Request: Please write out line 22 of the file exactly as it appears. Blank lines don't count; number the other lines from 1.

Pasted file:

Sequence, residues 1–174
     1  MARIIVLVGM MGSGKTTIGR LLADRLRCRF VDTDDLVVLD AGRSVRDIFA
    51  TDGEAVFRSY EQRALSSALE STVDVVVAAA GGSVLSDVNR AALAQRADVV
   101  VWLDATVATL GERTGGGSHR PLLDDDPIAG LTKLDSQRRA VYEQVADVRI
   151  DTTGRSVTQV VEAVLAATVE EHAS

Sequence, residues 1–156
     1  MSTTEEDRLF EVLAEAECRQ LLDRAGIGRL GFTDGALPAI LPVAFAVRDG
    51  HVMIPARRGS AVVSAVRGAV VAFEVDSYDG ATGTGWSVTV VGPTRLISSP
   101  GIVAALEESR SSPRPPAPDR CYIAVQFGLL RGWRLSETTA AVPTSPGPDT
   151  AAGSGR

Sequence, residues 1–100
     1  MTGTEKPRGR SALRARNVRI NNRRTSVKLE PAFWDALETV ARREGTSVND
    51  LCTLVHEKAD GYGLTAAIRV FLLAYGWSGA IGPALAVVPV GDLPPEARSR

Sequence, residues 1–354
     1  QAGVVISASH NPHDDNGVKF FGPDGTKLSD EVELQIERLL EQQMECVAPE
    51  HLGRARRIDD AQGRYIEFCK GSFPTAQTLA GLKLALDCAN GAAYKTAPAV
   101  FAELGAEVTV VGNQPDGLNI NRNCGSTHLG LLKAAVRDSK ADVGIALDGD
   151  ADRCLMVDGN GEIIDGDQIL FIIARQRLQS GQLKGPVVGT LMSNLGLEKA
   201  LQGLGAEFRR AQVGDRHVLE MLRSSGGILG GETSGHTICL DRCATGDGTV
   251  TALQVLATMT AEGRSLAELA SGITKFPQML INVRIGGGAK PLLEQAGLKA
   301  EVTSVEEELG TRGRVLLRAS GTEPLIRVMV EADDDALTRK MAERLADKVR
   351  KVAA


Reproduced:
   351  KVAA